MrsTerryPratchett - if you came to our house you'd see a rack of CDs but no children's books, as they are in their own dedicated bookcase on the landing. I hope no one would think we have no books for the children! (I'm sure you'd thought of that, but just thought I'd mention it).

peeriebear Thu 28-Feb-13 12:03:25

I am the 'main reader' as DH is dyslexic and self conscious. Plus I do the voices better. However if I am holed up in a hot bath DH will read to them and they enjoy the change.

happyjustobeme Thu 28-Feb-13 11:20:16

I am the main reader, as i work shorter hours than dh, so i am always home for bath and bedtime. Dh offers to read with ds at the weekend, as he doesnt work weekends, but ds prefers that I read the books. Apparently i 'read better' than dh. I think this means that i read more books than dh would, that i do different voices, and that essentially, he is more used to me reading to him than dh.

I dont think this is a matter for the state. As long as children are being read to, and both parents are spending time with their dc, its all good, isnt it?

TheFallenNinja Thu 28-Feb-13 08:48:05

Plus the statistics are nonsense.

If the survey was 100 people then 46 readers were women and 23 were men, this means that 2.3 out of ten men are the main reader and 4.3 were women.

Where does 1 in 10 come from.

TheFallenNinja Thu 28-Feb-13 08:22:19

I have looked and cannot find the source of this "research". I wonder if its under "surveys of 9 people that make dads look bad so they will buy more books so that rich authors can live on the beach in Malibu"

Patronising rubbish, thinly veiled marketing for another self serving "charidee"

Lostonthemoors Thu 28-Feb-13 07:46:05

DH is at least an equal reader, which is lovely!

whodunnit Thu 28-Feb-13 01:25:25

DC's dad does reading less often, but does do quite a lot of it when they get round to it. They lie in bed together reading together or separately. I am the homework reading mum who mainly does bedtime reading too ( 50% of the time).

DH reads to DD, in fact he is right now (different time zone). I am the main 'bather' and 'cooker' and 'holder down for vaccinations'. Does it really make a massive difference compared to not being read with/to at all?

I visit houses as part of my job. A more worrying trend that I see is no books at all. Bookshelves full of DVDs and PS3 games but no books.

lisad123everybodydancenow Wed 27-Feb-13 22:41:10

Message withdrawn at poster's request.

steppemum Wed 27-Feb-13 22:35:05

Ok, to put a completely different slant on this.

I think the point is that there is a suggestion (evidence??) that boys especially do better at reading when they get male role models reading. If Dads don't read then it is seen as a 'girls' thing, or it is seen as not being macho.

There is anecdotal evidence that getting dads involved with reading with boys who are not enthusiastic, is very successful.

I personally think that the issue is more to do with households being 'reading' households or not. It is amazing how many houses do not actually have any books at all. The national average (20 years ago) used to be 5 books per house. As I probably have 300x that, then there must be many households with none. Role models again.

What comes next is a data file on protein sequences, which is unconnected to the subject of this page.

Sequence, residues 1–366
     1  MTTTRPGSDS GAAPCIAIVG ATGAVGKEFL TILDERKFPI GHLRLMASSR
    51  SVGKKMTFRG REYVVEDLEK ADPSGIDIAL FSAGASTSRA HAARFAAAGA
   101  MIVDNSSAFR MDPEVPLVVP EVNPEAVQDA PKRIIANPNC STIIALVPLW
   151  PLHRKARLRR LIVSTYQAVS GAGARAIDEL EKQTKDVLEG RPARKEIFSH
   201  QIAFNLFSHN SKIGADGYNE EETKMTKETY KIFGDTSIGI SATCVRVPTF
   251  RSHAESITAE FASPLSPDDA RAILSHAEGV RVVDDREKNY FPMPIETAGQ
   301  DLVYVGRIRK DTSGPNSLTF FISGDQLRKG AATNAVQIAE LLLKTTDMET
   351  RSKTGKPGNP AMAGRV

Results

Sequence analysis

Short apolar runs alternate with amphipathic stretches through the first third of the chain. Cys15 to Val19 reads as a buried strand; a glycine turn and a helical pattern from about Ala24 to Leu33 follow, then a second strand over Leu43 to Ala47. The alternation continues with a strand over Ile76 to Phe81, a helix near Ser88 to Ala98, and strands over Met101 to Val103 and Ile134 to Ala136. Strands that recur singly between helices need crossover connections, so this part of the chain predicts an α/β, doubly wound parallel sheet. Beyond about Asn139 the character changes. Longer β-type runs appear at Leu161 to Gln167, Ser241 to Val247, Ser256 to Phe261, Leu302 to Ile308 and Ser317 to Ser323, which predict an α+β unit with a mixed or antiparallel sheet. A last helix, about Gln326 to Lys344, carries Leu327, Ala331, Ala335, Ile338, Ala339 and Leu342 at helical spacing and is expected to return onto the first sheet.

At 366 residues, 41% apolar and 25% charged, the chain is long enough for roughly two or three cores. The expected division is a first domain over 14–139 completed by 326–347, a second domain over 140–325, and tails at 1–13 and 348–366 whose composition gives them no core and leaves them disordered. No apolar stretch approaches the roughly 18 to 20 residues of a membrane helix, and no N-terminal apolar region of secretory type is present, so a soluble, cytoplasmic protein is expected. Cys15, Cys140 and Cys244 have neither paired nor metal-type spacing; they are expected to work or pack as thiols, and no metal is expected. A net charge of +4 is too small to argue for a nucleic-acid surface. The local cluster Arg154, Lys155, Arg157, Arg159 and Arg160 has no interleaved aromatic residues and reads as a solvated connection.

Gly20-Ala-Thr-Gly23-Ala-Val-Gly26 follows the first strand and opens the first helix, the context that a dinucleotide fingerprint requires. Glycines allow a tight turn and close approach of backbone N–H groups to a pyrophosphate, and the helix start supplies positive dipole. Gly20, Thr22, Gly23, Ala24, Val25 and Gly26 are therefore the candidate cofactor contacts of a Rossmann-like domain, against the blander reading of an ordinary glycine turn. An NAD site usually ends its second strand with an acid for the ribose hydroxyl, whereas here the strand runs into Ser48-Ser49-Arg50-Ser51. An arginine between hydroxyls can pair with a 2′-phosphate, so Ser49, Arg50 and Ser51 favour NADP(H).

I am the main reader and was even when DH was the sahp. This is because dd1 loves Julia Donaldson books and DH being dyslexic struggles with them. He also finds doing voices hard. He does still read one of her three books most nights and all of them if I am tied up with the baby. She gets a bit frustrated with him though, as he is so tired when he gets in from work that he tends to fall asleep whilst reading to her.

yousankmybattleship Wed 27-Feb-13 21:39:35

What is the point of this survey? My children get read to every night without fail and have done since they were babies. Usually it is me who reads to them because my husband doesn't get home from work until 7.30pm. So what?

Spoonful Wed 27-Feb-13 21:38:20

I agree with Tethers.
Desperate scrabbling around for a headline, I guess.

It does annoy me, the story slant- because it insinuates that men are present but just don't care to read. When really, they are less present, due to the way our society is set up.
Men work more, they are more likely to be non-resident etc. It isn't that men are sat in front of the football, too lazy to pause with their kids with a book!

And it isn't that all books are too 'girly' somehow. Men are still less likely to be the main carer of children, so of course they'll be less likely to be the main reader, the main calpol dispenser, the main carrot masher...

It's a silly story.

gaelicsheep Wed 27-Feb-13 21:07:18

In our house, DH would love to read more to DS but DS prefers me reading to him. That's partly because I'm at work all day and he wants "Mummy" time, partly because he's at that age where boys can clash with the father figure, and partly (sorry DH) because I'm a little better at reading aloud.

And so what? DS is read to every single day. Conversely DH is probably the main "listener", because by the time I get home DS is too tired.

Plus, DH is the "main reader" to DD while I read to DS! It's a bit of a silly concept really isn't it?